Scott Schuman on the Street Style Backlash and Why He Still Shoots Anna Dello Russo

Street style's a hot topic lately. So we thought after that Times profile blowing the lid off the subject and revealing how contrived and and monetizing the whole medium has become, we'd chat with pioneering street style photographer Scott Schuman (again) and get his perspective on something that he, in a way, helped create.
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Street style's a hot topic lately. So we thought after that Times profile blowing the lid off the subject and revealing how contrived and and monetizing the whole medium has become, we'd chat with pioneering street style photographer Scott Schuman (again) and get his perspective on something that he, in a way, helped create.
Photo: Getty

Photo: Getty

Street style's a hot topic lately. So we thought after that Times profile blowing the lid off the subject and revealing how contrived and monetizing the whole medium has become, we'd chat with pioneering street style photographer Scott Schuman (again) and get his perspective on something that he, in a way, helped create.

We caught up with him on the last day of NYFW and he had some interesting things to say about how he still shoots Anna Dello Russo even though she dresses to get photographed, why seats at shows are going to him instead of stylists, and how some editors are "biting the hand that created them."

Fashionista: What are your thoughts on brands giving people clothes to wear in hopes they will end up on a street style blog like yours? Scott Schuman: I don’t really care where these people get their clothes from, it doesn’t matter to me, it isn’t going to matter 100 years from now. A good shot is a good shot. That’s all I really care about. But you can tell who are the people who are going over the top to create a shot [or] to be shot. There’s something about that, that, to me anyway, doesn’t create a good shot. There’s something very calculated about it.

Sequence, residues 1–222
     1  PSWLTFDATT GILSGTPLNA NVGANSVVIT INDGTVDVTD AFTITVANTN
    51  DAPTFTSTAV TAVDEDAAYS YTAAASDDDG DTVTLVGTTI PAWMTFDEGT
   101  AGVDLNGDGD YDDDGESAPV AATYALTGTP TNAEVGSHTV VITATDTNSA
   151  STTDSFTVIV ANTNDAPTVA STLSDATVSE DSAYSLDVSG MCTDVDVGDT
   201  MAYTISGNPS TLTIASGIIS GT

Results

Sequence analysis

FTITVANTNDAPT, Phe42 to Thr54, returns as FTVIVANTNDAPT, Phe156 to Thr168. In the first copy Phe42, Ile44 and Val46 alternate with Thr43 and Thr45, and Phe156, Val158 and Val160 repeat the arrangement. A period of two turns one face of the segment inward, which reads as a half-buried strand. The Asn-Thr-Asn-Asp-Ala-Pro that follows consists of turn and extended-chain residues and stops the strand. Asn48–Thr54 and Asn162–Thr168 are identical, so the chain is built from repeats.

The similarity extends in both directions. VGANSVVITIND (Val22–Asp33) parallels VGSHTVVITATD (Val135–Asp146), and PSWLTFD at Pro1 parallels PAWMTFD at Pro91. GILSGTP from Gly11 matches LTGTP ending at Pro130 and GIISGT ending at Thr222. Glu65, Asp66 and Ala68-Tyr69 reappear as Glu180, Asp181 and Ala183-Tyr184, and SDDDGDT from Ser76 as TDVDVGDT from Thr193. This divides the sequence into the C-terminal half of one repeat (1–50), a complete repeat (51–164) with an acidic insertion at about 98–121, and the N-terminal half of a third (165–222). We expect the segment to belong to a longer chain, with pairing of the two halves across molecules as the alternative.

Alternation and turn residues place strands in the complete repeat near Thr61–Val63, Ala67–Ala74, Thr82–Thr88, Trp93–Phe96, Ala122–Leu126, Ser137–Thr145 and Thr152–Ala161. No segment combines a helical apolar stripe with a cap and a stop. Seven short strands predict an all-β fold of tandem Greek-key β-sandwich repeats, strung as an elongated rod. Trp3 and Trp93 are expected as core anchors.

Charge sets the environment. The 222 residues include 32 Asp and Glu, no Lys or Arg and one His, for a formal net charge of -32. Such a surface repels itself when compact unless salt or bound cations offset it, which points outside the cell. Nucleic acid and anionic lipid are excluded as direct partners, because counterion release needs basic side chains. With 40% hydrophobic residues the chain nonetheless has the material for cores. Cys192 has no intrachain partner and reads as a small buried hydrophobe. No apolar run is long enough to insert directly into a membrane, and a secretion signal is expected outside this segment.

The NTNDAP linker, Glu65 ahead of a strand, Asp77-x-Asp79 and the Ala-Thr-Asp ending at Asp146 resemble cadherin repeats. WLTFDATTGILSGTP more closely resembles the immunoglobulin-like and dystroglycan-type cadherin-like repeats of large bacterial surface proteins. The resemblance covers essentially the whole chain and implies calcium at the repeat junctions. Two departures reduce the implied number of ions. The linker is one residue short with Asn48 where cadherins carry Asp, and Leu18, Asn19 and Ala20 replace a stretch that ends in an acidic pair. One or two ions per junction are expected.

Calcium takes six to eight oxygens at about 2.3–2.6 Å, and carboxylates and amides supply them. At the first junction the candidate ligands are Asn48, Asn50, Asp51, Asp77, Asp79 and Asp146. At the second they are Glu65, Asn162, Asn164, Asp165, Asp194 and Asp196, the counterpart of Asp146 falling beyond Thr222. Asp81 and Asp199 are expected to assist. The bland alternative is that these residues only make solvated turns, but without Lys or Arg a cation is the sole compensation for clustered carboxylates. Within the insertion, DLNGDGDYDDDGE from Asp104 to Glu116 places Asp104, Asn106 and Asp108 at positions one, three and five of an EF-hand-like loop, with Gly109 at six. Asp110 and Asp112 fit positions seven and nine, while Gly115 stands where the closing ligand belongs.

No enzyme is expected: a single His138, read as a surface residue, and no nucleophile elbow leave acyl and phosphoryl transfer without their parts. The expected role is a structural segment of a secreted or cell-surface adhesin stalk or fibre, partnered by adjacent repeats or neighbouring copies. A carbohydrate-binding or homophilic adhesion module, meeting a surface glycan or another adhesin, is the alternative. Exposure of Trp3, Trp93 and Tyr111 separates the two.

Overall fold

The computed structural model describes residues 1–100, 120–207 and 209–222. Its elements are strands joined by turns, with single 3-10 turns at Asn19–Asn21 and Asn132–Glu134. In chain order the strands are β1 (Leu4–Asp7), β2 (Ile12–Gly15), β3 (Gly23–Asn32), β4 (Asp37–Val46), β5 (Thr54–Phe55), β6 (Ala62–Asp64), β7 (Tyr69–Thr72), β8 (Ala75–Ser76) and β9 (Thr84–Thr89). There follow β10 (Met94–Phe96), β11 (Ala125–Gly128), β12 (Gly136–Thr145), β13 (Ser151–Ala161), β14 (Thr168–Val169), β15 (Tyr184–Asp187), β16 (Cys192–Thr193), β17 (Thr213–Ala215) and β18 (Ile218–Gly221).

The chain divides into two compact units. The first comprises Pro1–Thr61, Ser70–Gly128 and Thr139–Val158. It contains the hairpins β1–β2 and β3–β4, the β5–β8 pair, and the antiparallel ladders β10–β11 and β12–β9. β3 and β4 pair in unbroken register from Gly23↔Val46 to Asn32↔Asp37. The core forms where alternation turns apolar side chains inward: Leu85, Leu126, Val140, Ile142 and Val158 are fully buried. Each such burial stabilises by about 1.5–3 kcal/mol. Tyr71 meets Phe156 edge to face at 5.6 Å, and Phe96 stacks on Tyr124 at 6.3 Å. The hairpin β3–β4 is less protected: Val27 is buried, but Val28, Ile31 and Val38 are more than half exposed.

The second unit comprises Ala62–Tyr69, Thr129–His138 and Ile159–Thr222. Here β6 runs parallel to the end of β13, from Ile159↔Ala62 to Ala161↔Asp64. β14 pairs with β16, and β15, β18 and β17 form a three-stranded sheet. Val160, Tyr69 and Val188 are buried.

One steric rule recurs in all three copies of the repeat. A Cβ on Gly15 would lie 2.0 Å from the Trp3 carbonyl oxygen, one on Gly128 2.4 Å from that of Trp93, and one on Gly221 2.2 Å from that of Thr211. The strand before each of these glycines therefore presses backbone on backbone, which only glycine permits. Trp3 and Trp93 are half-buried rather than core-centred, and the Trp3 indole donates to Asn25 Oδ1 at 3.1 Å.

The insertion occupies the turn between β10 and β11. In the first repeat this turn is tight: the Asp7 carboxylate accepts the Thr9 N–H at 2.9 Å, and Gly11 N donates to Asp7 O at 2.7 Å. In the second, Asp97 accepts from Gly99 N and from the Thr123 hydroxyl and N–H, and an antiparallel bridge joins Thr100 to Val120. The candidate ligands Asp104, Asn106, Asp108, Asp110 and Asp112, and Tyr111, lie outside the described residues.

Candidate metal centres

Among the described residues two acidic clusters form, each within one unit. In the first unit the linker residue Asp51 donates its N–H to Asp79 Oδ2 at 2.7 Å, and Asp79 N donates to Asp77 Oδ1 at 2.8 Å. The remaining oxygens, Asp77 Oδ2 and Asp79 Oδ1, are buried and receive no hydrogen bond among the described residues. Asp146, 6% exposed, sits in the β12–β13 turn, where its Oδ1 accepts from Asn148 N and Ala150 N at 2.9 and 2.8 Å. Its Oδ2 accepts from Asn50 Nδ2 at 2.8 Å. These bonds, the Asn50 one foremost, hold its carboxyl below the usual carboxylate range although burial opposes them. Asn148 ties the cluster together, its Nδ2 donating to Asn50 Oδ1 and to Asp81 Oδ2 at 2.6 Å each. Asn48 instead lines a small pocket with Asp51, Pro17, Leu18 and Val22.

The only one [like that] I still shoot is Anna Dello Russo. Only because I think it’s still so charming. She’s still so touched when people shoot her and show appreciation for her. She’s the only one who plays into that whole thing, but I think still has a lot of sincerity. All that other stuff out there just doesn’t affect me. I’m just doing my job the way I’ve always done it. You know I shot three people coming over here, just people on the street, so to me [fashion week] is just an extension of how I always shoot.

Has it become harder at all to find sincere, authentic style, especially during fashion week, with all the preening and peacocking? People say, “Oh people get so dressed up for you." People were always getting dressed up to go to fashion shows; there just weren’t always so many cameras. That’s why I came here in the first place. But the seats that people like me or Tommy [Ton] or Garance [Dore] or Rumi [Neely] are taking are seats that used to be filled by stylists. And stylists were the people that drew me here thinking...like Carine, Emmanuelle Alt who started as stylists. We’re not shooting the new [stylists] because they aren’t coming to the shows because they don’t have a seat. It’s only created a problem in the sense that--and it shows how important having your own media is--those seats are going to bloggers.

Do you think that, in some cases, editors are dressing up more as sort of response to the street style explosion? Oh yeah. A lot of them say, “Let’s change in the car, let’s switch it up.” The funny part is, the ones who are joking about it the most are the ones who have gotten the most out of it. There are editors who have never been part of that, who have never been shot, I don’t think they really care, it’s just a nuisance to them. But I’m surprised at the amount of editors who have actually been quite helped by [getting photographed] who almost seem to [joke the most about it]; it’s almost like they’re a little embarrassed. They’re almost biting the hand that created them.